Hamstring Workout And Training Principles

Often ignored, the hamstrings can have a radical effect on overall muscle growth as well as help create a stunning visual from behind. Most hamstring workouts consist of a few versions of leg curls here and there and most individuals never really push their hamstrings to the upper limit.  So here’s 7 hamstring workout and training principles that you must apply if you want hamstrings that hang off the bone or at least, a nice behind.

Hamstring Workout And Training Principle # 1

Understand that the hamstrings both flex the knees and extend the hips.

Unlike other bodyparts, the hamstrings can produce force both in knee flexion and hip extension. And we know through recent research that the hamstrings are connected to the low back and glutes so what happens to the hamstrings can effect your low back and glutes greatly. This is why track coaches, for the longest time, have had their athletes training the hamstrings in hip extension.


When combined with knee flexion exercises like leg curls, hip extension exercises like deadlifts and their variations can vastly shape the hamstrings. Make sure you use both in your training.


Hamstring Workout And Training Principle # 2

Train Each Function Of The Hamstring With Different Reps

Being that the hamstring acts on two different joints, they also are made up of different muscle fibers. When used as  hip extensors (deadlifts), the hamstrings are more fast twitch dominate which means that they must be trained with lower rep ranges. Yet when you train with leg curls, you need to know that you are training them as slow twitch muscles and must use higher reps.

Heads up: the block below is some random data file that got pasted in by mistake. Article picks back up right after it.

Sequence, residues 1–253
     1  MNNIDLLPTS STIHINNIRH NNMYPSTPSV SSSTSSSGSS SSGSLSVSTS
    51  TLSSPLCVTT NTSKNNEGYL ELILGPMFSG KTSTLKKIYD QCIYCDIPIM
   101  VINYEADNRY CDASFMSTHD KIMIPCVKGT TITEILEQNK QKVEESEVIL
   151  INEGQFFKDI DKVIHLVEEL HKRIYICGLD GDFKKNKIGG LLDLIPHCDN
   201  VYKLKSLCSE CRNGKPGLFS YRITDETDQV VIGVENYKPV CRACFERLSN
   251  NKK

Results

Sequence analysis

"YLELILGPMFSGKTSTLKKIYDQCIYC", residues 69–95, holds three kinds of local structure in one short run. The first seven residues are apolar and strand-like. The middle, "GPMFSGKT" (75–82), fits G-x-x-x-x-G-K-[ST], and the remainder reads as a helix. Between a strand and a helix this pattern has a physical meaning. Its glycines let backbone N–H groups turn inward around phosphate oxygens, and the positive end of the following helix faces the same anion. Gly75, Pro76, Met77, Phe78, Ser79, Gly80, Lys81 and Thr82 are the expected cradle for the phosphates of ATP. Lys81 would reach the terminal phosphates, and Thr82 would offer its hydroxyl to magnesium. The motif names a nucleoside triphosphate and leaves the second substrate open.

Hamstring Workout And Training Principle # 3

Stretching The Quads Will Open Up The Hamstrings

Due to the rule of antagonistic inhibition, if the quadriceps are tight then the hamstring will show a reduction in force. Perform a quad stretch before a set of hamstring work and you’ll notice an increase in force of the hamstrings on that set.

Hamstring Workout And Training Principle # 4

The Hamstrings Can’t Produce As Much Force As The Glutes


When you hear about all of these pros athletes and their hamstring issues what you should really be hearing that they have weak glutes. The glutes, which is the muscle that can produce the most force in the body, work in hip extension (sprinting) like the hamstrings. The problem is that most people have weak glutes and overcompensate with the hamstrings. Focus on glute work to warm-up before you perform hamstring work.

Hamstring Workout And Training Principle # 5


If Your Hamstrings Are Tight, Stretch Your Adductors

The adductor magnus (the biggest adductor muscle) acts as both a hip flexor and hip extensor, which means it may compensate and do some of the hamstring work. If you feel that your hamstrings are tight, perform foam rolling and stretching movements for your adductors and you’ll have looser hamstrings.

Hamstring Workout And Training Principle # 6

Make Sure To Force Your Hips Back When Perform Deadlift Variations

Most people bounce up and down during deadlifts and never focus on the deep stretch at the bottom of the movement. This type of loaded stretching will help to increase the rate of muscle growth as well as potentially increasing protein synthesis and preventing hamstring soreness.’

Hamstring Workout And Training Principle # 7

Train Your Hamstring Often

As noted in point # 1, the hamstring have two functions. Make sure you include both movements in your hamstring session but don’t be shy to train your hamstring again, using either both or one of the movements, at least once more during the week, if you are trying to improve your hamstrings.

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